Cubs thrilled by state-of-the-art clubhouse

New space 3 times larger, includes post-win party room

Cubs thrilled by state-of-the-art clubhouse

CHICAGO -- Jake Arrieta, Ben Zobrist, Addison Russell and even Joe Maddon admitted they got lost in the Cubs' new clubhouse on Monday, but there were no complaints. The players welcomed the sparkly new 30,000-square foot clubhouse, which replaces a cramped 10,000-square foot space.

"It exceeds expectations," Maddon said.

The media will get an official tour on Tuesday, but Maddon pointed out some highlights, such as the tributes to former Cubs, and the photos on the wall, which include one of the players in his onesie at Dodger Stadium after Arrieta's no-hitter last August.

The clubhouse even features a party room for the post-win celebrations, which may be a first in the Major Leagues.

"It's about time," Maddon said.

"This team, after we win, it's fun," Zobrist said.

The clubhouse has the lockers in a circle around a lounge area, and that design was on purpose.

"Being a circle kind of unites teammates, creates a sense of equality," Cubs president of baseball operations Theo Epstein said. "There's no premium locker that's greater than anyone else's, no corners to hide in. Everyone's equal."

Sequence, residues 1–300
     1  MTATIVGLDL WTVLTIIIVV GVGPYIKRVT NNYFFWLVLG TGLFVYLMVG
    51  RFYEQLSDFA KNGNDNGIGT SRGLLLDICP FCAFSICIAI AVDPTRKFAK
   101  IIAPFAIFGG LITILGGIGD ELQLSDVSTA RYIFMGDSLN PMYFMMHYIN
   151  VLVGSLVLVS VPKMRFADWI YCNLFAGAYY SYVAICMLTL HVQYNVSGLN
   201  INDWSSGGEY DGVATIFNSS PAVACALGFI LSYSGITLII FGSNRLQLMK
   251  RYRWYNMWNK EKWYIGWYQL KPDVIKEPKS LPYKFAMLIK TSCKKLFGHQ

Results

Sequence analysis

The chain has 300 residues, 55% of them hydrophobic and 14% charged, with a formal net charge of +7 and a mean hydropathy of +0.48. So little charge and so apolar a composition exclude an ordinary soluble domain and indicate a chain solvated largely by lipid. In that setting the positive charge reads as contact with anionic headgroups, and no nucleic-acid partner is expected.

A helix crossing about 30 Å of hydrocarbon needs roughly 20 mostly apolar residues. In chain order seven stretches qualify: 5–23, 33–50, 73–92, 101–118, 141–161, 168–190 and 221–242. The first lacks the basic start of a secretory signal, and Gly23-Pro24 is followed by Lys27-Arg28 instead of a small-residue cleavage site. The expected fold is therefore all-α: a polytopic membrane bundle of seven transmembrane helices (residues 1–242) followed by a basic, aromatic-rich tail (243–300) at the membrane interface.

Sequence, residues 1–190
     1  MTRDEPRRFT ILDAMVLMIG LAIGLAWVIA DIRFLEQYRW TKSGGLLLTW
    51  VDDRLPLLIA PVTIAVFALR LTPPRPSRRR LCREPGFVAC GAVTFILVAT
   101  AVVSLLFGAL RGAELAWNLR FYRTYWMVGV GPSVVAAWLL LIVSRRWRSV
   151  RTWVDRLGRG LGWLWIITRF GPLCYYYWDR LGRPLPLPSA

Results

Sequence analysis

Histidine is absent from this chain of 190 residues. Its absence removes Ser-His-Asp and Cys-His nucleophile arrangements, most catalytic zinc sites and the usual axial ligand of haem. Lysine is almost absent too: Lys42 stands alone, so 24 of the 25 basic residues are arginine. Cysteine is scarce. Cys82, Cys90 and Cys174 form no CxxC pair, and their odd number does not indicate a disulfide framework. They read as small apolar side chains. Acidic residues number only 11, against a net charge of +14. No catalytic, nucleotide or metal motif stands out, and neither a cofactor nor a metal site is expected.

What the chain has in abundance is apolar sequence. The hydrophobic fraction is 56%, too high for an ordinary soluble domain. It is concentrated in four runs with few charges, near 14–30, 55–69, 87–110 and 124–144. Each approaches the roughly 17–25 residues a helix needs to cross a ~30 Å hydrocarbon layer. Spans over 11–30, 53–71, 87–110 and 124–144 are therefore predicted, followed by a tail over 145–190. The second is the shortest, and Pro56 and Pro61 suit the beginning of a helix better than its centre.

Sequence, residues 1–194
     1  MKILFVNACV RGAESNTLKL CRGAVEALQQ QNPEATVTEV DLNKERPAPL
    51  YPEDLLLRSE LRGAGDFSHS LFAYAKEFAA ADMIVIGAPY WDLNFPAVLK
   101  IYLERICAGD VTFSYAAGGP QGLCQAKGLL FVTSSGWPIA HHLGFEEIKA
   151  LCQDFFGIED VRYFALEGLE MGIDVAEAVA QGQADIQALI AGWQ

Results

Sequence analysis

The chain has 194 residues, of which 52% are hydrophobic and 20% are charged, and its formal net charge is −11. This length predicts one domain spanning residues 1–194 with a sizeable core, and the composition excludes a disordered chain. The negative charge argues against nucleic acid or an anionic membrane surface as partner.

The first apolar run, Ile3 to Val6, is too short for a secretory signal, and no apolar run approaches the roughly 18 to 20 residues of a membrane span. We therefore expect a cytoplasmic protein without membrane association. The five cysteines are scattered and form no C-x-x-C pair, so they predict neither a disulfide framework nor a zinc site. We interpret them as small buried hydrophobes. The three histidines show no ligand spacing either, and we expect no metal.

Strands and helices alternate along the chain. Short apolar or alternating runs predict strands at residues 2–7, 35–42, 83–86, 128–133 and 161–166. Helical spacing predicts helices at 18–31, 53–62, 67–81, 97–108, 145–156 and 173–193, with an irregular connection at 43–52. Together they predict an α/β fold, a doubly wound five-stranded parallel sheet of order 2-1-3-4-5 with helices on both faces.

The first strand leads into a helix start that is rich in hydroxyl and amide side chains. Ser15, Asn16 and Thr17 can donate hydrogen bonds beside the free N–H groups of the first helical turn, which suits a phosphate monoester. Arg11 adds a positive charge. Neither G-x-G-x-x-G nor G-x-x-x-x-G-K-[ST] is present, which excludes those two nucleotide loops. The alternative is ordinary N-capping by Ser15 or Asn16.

But the space is about more than just lights and a great sound system.

"It is comfortable but it's also very useful," Maddon said. "It's just so complete in regard to the training component."

Arrieta picked the Pilates reformers, which are designed to handle larger athletes like himself, Jon Lester and Jason Heyward. There is an underwater treadmill, steam sauna, hyperbaric chamber -- everything the players need.

"I think when you are surrounded by nice things and high standards, it makes you want to raise your own level," Epstein said. "It makes you want to come to work. It makes you want to hang around your teammates. It's a wonderful place, man."

Epstein also feels the new facilities fit the identity of the team well.

"You want to have the best facilities to go along with the best team, which is obviously what we're trying to build," Epstein said.

And while Zobrist was excited about the players' lounge that he described as someplace you'd want to hang out in, and Russell liked having a speaker above his cubicle, the purpose of the space is to help the players prepare for the game. They may need some signs taped onto the wall to help direct them to the right space.

"Today, I got lost," Russell said. "I was looking for the trainer's room, and it's back there somewhere."

He'll find it somehow.

Carrie Muskat is a reporter for MLB.com. She writes a blog, Muskat Ramblings. You can follow her on Twitter @CarrieMuskat and listen to her podcast. This story was not subject to the approval of Major League Baseball or its clubs.